Canonical Wnt-β-catenin signalling is widely regarded as a principal regulator of the cell cycle in adult tissue homoeostasis55 and regeneration35, where the stabilisation of β-catenin and its translocation into the nucleus promotes the transcription of a number of pro-proliferative and pro-survival pathways in a plethora of tissues. In the context of cancers too, the role of Wnt-β-catenin has been widely and extensively studied45,56 as mutations in β-catenin and in its hallmark regulators APC and Axin promote deregulated cell proliferation and are now considered oncogenes in a wide array of contexts1,57,58.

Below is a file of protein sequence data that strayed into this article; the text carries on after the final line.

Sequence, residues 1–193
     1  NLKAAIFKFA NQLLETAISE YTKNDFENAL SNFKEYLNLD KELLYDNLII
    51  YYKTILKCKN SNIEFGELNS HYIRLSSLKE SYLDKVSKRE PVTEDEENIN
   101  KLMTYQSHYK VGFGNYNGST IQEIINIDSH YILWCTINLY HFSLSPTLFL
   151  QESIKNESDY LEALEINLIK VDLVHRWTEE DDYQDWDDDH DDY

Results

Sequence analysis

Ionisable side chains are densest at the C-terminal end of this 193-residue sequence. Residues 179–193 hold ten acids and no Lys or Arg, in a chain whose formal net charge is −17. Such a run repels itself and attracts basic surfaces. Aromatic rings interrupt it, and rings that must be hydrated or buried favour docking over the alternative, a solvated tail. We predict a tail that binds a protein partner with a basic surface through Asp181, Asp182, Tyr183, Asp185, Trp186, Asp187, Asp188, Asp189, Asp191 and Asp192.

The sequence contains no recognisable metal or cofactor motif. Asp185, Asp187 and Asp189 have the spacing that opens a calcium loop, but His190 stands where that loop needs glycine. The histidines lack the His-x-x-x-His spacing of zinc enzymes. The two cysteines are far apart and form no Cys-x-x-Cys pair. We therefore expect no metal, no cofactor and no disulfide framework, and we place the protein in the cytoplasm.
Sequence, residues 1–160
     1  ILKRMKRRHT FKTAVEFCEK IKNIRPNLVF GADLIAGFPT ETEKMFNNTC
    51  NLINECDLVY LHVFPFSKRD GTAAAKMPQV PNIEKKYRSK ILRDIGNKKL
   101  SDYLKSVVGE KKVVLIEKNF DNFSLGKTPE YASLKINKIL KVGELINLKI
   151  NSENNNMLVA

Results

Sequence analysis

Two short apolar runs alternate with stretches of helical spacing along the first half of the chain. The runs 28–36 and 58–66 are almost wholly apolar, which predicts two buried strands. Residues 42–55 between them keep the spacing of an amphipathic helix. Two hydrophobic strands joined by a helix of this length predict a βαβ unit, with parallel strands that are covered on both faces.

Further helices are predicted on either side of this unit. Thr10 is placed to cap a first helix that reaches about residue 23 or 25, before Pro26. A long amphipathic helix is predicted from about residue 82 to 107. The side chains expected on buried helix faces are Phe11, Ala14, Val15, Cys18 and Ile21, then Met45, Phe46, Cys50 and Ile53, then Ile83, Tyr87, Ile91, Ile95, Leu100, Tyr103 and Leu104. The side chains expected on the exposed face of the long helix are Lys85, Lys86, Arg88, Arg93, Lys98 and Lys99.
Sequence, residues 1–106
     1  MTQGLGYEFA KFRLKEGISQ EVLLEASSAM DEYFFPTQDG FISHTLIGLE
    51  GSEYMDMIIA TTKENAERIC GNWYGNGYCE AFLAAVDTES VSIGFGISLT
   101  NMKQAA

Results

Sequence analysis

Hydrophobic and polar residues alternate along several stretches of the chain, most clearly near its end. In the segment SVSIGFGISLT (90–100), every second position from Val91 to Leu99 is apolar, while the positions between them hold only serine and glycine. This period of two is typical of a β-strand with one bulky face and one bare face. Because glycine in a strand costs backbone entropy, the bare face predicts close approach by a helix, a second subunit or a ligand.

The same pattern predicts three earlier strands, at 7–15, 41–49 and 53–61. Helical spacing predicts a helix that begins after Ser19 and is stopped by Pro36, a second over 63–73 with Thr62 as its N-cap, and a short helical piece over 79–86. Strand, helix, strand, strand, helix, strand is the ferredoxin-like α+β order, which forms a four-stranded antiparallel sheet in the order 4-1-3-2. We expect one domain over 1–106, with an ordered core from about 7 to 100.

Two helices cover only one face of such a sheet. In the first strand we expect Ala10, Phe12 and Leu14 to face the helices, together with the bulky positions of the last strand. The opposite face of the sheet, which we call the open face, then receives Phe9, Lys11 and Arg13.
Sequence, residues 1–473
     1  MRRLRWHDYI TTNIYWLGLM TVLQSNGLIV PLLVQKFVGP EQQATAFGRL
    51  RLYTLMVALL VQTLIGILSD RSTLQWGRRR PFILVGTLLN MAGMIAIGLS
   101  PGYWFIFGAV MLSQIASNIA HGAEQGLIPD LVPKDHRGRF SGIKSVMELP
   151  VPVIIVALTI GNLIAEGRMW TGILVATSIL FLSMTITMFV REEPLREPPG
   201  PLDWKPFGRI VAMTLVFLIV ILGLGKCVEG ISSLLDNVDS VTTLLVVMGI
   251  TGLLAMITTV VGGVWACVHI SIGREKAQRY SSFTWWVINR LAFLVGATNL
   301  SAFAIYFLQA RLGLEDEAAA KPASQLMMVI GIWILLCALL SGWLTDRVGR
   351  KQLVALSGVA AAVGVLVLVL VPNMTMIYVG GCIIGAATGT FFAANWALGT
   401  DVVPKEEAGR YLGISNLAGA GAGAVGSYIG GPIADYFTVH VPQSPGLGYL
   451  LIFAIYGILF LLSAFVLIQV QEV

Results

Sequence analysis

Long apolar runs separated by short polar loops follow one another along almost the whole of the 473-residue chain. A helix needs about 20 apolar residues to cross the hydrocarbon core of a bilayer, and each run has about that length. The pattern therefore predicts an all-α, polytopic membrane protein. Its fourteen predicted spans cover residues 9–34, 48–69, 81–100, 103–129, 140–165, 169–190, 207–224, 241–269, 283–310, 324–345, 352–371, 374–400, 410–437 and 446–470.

Wnt ligands do however, act through a number of highly conserved developmental pathways59, which likely evolved to regulate the formation of the anterior–posterior axis in the earliest multicellular organisms, and establish polarity in groups of cells60,61. This pathway, the Wnt-Planar Cell Polarity (Wnt-PCP) pathway, is necessary for establishing any number of axes within the embryo, and through its control of cell shape, migration and planar cell movement is absolutely required for normal organogenesis38,62,63. The role of Wnt ligands in establishing these body plans likely predates their role in activating β-catenin-dependent transcription, yet whether Wnt-PCP signalling plays a role in adult homoeostasis and regeneration remains largely mysterious, and work unpicking the role of Wnt-PCP in adult disease and tissue regeneration remains in its infancy.